(A detail, but the new capital is part of the same round as it was raised at the same price. TechCrunch reported when the company’s $280 million round was announced, the fintech company was worth $8.3 billion. Another $300 million in capital at a flat share price means that the company’s valuation should have risen by only the dollar amount added. As it did.)

Robinhood has had a good business year, even if some of its practices have come under fire. The company pledged to tighten up parts of its platform relating to more exotic trading after the suicide of one of its users, for example; a topic that TechCrunch discussed at length last week.

What is inescapable is that Robinhood is having one hell of a year. When it might go public isn’t clear, especially as the private company is having no problem raising capital without an IPO. But as its value continues to rise, it becomes an increasingly remote acquisition target.

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Icons: Busy Philipps Helps Spread A Pandemic Of Love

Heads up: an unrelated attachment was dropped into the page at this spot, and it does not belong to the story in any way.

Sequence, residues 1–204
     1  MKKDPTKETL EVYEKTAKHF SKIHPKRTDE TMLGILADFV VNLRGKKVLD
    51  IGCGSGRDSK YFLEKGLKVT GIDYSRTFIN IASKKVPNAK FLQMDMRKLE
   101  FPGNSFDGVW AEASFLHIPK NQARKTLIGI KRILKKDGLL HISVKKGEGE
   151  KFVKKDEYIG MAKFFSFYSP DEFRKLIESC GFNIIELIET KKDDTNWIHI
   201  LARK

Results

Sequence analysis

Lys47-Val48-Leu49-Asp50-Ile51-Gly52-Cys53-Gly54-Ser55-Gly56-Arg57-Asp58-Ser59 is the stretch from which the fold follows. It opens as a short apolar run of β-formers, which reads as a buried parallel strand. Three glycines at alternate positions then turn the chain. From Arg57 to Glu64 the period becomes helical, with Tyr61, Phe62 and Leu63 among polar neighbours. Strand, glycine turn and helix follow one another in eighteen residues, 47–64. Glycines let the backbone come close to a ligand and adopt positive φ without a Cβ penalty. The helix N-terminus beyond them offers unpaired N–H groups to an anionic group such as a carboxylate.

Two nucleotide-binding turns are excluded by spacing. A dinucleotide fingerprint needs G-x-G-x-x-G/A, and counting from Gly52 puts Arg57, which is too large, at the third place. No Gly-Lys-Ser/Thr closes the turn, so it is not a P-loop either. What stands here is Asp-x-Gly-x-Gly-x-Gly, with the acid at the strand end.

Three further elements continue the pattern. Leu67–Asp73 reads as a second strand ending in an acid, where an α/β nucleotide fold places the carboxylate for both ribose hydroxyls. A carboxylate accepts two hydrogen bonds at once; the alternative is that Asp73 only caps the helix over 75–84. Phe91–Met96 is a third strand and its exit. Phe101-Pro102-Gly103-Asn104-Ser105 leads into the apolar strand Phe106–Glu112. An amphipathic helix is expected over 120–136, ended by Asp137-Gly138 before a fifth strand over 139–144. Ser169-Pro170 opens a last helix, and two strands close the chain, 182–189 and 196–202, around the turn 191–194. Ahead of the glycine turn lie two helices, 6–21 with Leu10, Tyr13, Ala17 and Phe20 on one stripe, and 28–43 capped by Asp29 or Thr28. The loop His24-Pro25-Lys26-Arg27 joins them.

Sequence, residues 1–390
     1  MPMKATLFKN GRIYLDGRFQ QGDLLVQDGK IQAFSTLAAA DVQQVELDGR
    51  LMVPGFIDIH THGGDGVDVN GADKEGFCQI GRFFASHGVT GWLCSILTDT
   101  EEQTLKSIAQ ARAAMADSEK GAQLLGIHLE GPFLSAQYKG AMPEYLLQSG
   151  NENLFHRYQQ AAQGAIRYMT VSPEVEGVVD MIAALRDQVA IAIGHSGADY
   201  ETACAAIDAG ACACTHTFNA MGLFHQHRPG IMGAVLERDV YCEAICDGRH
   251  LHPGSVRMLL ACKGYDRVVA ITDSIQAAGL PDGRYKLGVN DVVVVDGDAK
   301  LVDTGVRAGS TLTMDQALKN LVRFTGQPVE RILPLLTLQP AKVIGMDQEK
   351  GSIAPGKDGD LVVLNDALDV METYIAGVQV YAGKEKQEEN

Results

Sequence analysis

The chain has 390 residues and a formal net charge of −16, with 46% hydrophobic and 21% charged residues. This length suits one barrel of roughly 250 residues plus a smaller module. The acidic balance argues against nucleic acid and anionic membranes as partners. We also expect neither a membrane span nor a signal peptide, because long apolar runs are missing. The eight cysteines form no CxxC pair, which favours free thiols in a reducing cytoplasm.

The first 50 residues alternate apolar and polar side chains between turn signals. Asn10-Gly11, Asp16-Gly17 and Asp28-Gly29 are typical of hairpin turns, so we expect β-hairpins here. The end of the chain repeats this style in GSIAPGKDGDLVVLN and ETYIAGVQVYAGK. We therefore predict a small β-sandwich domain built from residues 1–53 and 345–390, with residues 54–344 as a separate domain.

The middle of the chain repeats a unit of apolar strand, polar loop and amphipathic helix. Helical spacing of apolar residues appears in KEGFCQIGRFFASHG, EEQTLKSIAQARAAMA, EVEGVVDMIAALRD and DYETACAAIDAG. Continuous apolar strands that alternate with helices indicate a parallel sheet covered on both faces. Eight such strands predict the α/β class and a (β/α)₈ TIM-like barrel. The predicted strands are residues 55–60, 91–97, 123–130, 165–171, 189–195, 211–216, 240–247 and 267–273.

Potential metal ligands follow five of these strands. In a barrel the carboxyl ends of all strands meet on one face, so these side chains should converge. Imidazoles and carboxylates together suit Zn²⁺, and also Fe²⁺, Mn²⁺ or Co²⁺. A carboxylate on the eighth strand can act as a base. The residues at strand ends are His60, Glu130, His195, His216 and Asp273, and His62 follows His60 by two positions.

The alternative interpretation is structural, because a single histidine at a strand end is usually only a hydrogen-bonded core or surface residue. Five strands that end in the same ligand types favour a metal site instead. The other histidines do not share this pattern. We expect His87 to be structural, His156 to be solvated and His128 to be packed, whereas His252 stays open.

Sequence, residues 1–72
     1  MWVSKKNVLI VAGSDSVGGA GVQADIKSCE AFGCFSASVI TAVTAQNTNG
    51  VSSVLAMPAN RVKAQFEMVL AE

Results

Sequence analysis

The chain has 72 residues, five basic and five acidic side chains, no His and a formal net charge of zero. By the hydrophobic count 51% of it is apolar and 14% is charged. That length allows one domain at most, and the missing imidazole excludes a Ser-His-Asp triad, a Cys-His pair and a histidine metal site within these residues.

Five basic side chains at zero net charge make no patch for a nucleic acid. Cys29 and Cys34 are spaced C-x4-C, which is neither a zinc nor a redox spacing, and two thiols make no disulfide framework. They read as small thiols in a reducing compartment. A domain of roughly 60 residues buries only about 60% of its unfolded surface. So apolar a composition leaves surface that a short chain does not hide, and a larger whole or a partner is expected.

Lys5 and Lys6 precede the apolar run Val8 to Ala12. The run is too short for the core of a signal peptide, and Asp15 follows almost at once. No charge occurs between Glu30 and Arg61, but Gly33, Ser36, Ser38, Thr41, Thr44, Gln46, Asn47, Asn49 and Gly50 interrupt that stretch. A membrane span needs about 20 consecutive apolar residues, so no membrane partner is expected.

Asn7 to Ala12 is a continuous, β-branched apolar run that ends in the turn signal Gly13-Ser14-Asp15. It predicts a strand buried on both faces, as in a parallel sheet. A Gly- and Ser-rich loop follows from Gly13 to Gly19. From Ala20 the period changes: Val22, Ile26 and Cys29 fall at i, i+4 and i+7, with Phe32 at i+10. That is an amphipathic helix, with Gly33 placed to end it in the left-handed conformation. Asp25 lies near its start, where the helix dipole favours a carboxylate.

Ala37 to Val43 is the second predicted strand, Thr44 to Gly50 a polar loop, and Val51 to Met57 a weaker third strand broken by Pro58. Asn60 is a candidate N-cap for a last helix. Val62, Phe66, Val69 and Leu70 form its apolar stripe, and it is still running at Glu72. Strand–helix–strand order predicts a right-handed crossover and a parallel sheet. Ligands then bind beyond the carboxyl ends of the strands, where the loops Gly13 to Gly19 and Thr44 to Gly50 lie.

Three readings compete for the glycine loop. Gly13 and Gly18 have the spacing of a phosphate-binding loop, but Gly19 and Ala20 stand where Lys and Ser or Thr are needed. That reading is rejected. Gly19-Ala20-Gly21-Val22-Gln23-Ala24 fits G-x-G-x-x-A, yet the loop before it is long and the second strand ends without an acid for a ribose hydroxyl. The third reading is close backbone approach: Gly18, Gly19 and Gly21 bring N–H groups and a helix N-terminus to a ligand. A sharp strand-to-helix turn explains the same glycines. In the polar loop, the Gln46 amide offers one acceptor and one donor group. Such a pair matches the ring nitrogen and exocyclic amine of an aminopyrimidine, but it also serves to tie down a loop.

In the face of a global pandemic, retreat is a natural response. Not for Shelly Tygielski – a meditation teacher and community organizer – and Busy Philipps – an accomplished actor and activist for a range of causes. Both are rare examples of how embracing fear and using your platform can lead to big-scale, meaningful change. Pandemic of Love has raised over $21 million in just 12 weeks. It even led to a casual Sunday evening conversation with former Vice President, Joe Biden.

We chatted about the innate human urge to give, how to build a grassroots movement, and why mutual aid communities can be the simplest of human connection in a world of increased isolation.

Brendan Doherty: Welcome to Icons of Impact. I’m really excited today to have two extraordinary people who are teaming up. One is Shelly Tygielski, the founder of Pandemic of Love; she’s also a renowned meditation teacher. And we have Busy Philipps, an extraordinary actor and activist, who has helped Shelly amplify her incredible work. Shelly, I’d love to start with you: we are obviously in the midst of a pandemic, and you took that moment to step back and ask what you could do in response. Tell me about Pandemic of Love? 

Shelly Tygielski: Sure! Pandemic of Love is the culmination of my life as a meditator for the last 20 years. It’s always been a personal practice, and for the last four years, I’ve been a full-time meditation teacher after leaving the corporate world. I wanted to figure out a way to not be afraid of what was coming, to choose love over fear. When we’re afraid we’re in fight or flight mode, but we have the ability to create a new default mode of empathy and action instead. That’s the seed behind Pandemic of Love. 

Doherty: So what’s the model for Pandemic of Love?